Lithography - printing from a flat surface on which the area that is not to be printed repels the ink. One form of lithography is direct lithography, in which printing occurs without the use of an intermediate roller or blanket. Some early Post Office Seals were printed from such direct lithography. Indirect lithography uses an intermediate roller or blanket, and is called offset. see Offset Lithography.
Local Post - a private postal system operating in a limited area, usually a major city. Local posts once played a significant role in mail delivery.
Local Precancel - a precancel applied to stamps locally, as opposed to being applied at the Bureau of Engraving and Printing. see also Bureau Precancel.
Local Stamps - stamps issued by a Local Post. Scott numbers begin with L.
LOOK Coil - phosphor tagged version of the 3-cent Statue of Liberty coil in the 1954 Liberty Series, issued unannounced in October 1966 for use on LOOK Magazine promotional mailings. Use by LOOK Magazine was limited to about a six month period, after which the stamps were recalled, marking the first time the U.S. Post Office Department bought stamps back from the private sector for distribution to collectors. Tagging applied by rubber mats and glows brightly under ultraviolet light. see also LOOK Coil Reprint.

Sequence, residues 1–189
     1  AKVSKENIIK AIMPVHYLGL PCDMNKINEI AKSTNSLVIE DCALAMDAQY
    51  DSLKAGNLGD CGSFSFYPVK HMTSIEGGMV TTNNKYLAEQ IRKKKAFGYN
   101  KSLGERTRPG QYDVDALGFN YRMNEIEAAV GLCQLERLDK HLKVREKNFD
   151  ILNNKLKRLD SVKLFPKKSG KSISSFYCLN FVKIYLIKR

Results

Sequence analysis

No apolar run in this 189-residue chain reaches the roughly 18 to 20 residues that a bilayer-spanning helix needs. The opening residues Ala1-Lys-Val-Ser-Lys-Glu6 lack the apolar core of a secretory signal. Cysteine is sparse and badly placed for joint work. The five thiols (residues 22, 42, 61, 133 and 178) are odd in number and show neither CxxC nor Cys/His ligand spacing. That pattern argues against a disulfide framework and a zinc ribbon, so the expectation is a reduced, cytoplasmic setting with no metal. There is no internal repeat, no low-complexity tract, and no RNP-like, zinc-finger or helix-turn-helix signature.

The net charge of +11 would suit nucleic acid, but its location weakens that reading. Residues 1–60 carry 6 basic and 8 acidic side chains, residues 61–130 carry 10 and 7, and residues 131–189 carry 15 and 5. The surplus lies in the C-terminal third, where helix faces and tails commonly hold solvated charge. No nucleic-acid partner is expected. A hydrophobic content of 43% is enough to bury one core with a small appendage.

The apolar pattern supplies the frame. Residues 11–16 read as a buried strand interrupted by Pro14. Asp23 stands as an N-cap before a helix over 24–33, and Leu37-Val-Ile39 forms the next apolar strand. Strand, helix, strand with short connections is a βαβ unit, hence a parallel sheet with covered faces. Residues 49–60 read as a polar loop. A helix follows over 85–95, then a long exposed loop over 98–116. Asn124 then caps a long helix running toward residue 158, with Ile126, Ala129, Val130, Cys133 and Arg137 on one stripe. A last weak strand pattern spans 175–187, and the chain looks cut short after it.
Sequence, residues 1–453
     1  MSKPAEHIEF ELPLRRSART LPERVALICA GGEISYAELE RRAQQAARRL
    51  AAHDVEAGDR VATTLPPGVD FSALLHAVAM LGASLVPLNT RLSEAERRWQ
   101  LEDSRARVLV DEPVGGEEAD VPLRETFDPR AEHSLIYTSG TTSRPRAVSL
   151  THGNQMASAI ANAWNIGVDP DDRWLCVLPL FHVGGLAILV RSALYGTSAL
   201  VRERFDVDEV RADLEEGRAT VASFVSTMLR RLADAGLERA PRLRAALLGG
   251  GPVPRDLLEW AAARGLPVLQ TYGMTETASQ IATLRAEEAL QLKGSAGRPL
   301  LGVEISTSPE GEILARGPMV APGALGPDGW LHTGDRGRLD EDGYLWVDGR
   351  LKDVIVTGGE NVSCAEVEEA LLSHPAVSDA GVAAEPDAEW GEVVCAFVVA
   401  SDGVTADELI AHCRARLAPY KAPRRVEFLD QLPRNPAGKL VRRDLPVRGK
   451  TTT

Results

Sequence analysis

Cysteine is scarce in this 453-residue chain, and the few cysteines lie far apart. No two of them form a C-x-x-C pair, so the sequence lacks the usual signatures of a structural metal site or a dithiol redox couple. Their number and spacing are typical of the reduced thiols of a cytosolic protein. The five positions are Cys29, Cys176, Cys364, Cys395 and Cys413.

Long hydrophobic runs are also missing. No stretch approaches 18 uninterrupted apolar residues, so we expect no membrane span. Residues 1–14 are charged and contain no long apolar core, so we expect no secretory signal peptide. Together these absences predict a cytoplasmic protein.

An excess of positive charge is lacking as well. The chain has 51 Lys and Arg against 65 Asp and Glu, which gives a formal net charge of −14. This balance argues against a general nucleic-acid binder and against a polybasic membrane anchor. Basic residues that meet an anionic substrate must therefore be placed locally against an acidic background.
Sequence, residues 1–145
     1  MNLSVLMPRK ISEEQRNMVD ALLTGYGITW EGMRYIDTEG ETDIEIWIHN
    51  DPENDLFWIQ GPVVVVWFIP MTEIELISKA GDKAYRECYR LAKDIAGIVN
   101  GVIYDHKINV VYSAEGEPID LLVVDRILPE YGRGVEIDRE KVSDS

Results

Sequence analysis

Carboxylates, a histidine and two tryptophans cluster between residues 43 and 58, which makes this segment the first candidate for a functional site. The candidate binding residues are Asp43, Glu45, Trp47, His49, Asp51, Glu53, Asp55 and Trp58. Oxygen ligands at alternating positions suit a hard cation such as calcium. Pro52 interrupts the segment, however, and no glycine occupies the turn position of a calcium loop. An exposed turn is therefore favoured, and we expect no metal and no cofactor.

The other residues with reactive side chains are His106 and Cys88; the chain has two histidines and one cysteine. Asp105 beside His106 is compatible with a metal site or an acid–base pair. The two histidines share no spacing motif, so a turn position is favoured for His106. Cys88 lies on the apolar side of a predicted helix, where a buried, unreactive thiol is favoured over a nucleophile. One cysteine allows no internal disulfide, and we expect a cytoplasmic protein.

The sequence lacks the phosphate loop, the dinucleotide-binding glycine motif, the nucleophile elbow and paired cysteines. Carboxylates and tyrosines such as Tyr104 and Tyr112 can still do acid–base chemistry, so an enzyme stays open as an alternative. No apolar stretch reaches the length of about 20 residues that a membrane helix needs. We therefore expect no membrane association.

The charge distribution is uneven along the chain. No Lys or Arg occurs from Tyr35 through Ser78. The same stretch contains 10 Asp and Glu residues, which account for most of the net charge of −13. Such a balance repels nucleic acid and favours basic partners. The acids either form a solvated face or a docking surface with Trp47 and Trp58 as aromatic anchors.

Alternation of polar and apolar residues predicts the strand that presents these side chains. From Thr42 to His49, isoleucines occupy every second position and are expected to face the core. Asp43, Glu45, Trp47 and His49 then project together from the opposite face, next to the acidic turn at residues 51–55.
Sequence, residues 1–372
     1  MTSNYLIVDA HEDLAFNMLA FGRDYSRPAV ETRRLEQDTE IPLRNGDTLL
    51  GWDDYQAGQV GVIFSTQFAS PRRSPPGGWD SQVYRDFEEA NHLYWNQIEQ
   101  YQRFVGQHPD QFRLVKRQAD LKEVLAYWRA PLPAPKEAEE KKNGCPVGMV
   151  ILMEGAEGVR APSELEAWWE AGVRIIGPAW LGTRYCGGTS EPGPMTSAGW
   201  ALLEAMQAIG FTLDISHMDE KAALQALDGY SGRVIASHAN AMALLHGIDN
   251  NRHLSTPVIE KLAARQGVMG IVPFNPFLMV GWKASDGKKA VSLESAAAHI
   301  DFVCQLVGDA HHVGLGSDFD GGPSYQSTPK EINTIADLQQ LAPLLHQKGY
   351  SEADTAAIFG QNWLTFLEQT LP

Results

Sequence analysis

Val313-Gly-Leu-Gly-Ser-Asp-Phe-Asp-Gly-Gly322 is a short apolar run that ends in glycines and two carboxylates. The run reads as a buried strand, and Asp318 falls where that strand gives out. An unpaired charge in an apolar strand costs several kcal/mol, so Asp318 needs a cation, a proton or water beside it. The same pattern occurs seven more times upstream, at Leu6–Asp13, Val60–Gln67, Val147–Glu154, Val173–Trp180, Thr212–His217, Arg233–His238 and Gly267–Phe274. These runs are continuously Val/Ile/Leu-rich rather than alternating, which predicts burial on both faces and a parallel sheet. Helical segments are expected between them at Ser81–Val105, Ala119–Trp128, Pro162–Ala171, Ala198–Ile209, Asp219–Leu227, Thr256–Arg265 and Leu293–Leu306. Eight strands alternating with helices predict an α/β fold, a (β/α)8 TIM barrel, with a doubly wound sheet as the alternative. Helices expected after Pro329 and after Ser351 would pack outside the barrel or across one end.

LOOK Coil Reprint - a special printing of the LOOK Coil made to satisfy collector demand. The reprint became a new variety because the BEP applied the tagging by metal plates. The tagging on the reprint glows duller and grainier under ultraviolet light than the tagging on the original LOOK Coil.
*Louisiana Purchase Exposition Stamps - commemorative postage stamps issued for the St. Louis Exposition of 1904. Scott 323-327.
Lozenges - the bi-colored border frequently found on air mail postal stationery.
Luminescence - the effect given off by fluorescent brighteners and phosphorescent tagging in paper and ink when activated by ultraviolet light.